If you are asked to make a sealed bid, find out from the agent precisely what is required by the seller. If the seller has agreed their onward purchase it is likely that they will be looking for a buyer who can act most quickly and offer the highest price. At this stage, it is worth spending time producing a suitable covering letter to accompany your best and final bid to help sway the seller to favour you. It is important to let the seller know why this property is the right one for you and we have seen clients win best bids without having submitted the highest offer because the seller thought they were the right family for the property who could also perform quickly in securing a very quick exchange of contracts.

    In a sellers' market it is the best tactic available to buyers

    The other pieces of advice for anyone writing a sealed bids letter is to stress that you are (if you can be) flexible on timing for completion. Many sellers want a quick exchange, but may want time between exchange and completion for school terms to end or work commitments to be completed. The agent will of ten show copies of this letter to the seller to help them decide, so it is worth putting yourself in the shoes of the seller and trying to demonstrate that you are the bidder who wants this specific property and will do everything reasonably possible to make their life easier in selling their property. In a sellers' market it is the best tactic available to buyers.

    Whilst all reputable agents will adhere to the timings given as to when the bids are to be opened, so that you have no doubt that your sealed bid remains so until the allotted time you should consider delivering the bid to the agents just before the allotted time.

    Selling agents act in the seller's interest and, beyond the price, it is important to demonstrate to the agent that you are a committed buyer and approach the process in a professional way.

    If you do require a mortgage to purchase the property you should make sure that you have an offer in principle for the sum that you require. You can then advise the seller in your sealed bid that your mortgage arrangements are in place and that you have an offer in principle.

    You should have a surveyor ready to carry out a survey of the property, have instructed a solicitor and, where necessary, provide direct contact details of your mortgage adviser, solicitor and surveyor. If you look committed to the purchase and are clearly ready to proceed as soon as you are confirmed as the winner of the sealed bids, then in a highly competitive market this may assist you in being seen as a better candidate than others, even if yours was not the highest bid.


    Fierce competition once confined only to prime central London locations has now spread throughout the city. One client was told after exchange by the selling agent that three other prospective buyers had tried to outbid them, but fortunately for our client the seller had been gazumped themselves and was a strong believer in the doctrine of karma!

    There is little that can be done to stop gazumping and though agents will often push exclusivity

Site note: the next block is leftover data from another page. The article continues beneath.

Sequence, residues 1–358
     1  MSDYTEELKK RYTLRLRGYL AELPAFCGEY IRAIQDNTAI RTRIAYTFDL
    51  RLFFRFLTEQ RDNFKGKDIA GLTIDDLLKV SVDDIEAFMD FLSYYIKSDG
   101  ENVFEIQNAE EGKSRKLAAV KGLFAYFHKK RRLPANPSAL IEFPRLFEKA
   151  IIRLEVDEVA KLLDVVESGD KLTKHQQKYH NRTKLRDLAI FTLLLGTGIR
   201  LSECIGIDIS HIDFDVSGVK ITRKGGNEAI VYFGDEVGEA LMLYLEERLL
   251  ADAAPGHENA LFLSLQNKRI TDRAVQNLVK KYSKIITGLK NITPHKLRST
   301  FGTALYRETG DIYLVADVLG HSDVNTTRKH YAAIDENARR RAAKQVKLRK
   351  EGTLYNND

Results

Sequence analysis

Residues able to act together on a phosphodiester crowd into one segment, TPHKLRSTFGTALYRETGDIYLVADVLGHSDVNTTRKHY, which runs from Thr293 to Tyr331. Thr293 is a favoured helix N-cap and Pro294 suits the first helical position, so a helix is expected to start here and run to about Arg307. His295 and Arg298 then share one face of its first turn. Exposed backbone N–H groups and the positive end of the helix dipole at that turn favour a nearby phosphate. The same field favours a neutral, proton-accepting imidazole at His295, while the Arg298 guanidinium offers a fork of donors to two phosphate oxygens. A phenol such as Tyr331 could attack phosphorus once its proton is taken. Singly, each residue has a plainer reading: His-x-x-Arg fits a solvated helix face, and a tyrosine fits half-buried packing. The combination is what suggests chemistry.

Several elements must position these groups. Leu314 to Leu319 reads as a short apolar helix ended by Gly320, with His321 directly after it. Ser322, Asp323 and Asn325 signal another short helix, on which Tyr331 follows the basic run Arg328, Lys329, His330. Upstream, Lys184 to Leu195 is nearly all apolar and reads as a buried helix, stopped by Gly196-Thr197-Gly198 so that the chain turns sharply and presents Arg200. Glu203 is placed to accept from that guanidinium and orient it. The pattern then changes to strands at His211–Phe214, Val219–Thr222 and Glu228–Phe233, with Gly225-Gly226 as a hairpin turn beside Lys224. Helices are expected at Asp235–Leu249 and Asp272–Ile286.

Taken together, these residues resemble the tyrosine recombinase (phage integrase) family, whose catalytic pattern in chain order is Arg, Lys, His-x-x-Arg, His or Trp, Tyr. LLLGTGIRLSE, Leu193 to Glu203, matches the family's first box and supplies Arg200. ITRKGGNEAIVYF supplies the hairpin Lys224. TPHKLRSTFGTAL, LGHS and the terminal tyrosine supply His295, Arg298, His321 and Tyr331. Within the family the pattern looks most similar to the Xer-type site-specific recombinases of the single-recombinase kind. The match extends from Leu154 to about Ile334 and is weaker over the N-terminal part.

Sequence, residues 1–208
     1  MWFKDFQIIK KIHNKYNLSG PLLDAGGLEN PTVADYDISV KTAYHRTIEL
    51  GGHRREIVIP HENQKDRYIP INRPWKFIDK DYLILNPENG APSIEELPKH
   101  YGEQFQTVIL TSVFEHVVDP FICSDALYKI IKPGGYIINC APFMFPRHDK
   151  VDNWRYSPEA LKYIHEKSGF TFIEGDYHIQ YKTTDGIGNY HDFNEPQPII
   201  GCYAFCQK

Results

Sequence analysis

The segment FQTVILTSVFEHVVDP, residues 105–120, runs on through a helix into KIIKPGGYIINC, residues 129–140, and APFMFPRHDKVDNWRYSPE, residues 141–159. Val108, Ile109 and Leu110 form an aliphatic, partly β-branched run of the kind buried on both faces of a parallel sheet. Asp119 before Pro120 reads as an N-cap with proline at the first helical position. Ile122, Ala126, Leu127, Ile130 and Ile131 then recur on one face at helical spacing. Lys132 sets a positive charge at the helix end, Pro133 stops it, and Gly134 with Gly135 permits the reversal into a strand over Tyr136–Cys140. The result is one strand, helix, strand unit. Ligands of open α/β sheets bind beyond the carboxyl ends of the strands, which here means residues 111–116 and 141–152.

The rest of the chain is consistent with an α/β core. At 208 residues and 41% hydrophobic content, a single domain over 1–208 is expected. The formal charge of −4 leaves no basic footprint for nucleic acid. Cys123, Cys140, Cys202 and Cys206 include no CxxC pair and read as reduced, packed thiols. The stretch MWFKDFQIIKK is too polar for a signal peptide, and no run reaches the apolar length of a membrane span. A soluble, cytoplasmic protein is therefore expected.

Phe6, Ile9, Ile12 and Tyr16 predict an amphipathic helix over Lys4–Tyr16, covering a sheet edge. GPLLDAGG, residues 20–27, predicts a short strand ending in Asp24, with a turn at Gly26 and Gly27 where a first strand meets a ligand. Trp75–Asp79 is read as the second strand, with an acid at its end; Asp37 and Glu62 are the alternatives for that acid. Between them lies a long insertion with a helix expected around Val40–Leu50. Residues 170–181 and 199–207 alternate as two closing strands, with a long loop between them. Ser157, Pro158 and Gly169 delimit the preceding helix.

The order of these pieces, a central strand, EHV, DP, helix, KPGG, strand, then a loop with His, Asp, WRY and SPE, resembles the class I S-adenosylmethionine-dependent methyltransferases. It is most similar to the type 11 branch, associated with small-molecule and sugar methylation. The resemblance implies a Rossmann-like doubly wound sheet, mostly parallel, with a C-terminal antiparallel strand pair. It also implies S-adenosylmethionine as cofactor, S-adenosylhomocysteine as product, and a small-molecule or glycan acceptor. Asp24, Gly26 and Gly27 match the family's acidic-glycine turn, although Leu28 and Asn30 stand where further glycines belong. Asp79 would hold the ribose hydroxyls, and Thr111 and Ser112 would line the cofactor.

agreements with large non-refundable deposits as a way of a buyer securing a property, these may not necessarily achieve what a buyer had wanted. Such agreements do not bind the parties to actually exchange contracts and at the end of the exclusivity period the seller can still walk away, but should have to return the deposit.

    It is often hard to prove that anyone else may have come forward to buy the house during the
    exclusivity period

    It is often hard to prove that anyone else may have come forward to buy the house during the exclusivity period and the cost of litigation prohibits most people making a claim. It can also take some time to settle such agreements because any solicitor acting for a buyer will want the deposit refunded in certain circumstances, not least if there is an issue with the legal title or the survey throws up a structural problem with the property.

    The Right Team

    At the top end of the market, assembling an experienced professional team further gives you an advantage when looking to purchase property, particularly in the prime central London market.

    We have exchanged contracts in less than seven hours from being instructed

    Carefully chosen solicitors can, despite the pressure of the deal, negotiate effective exclusivity
    agreements on behalf of clients and ensure all due diligence is carried out quickly to secure a prompt exchange. Sellers of ten expect a five or 10 day exchange period, but we have exchanged contracts in less than seven hours from being instructed. Solicitors regularly dealing with prime residential property will be able to provide tailored advice regarding the ancillary issues that may arise when relocating or investing in high value property, often in relation to a client's tax position that may require a complex ownership arrangement or offshore structures.

    A buying agent can also be an invaluable tool in keeping the deal together by using their relationships with the selling agent to reassure them and ward off threats from other buyers.

    Most importantly, buyers should keep in regular contact with the selling agent and by ensuring a good dialogue opens up, buyers will be best placed to keep pace with the fast changing market.

    This article by Edward Allan was first published in Prime Resi, Journal of Prime Property in December 2013.

    • 15 January 2014 12:50 PM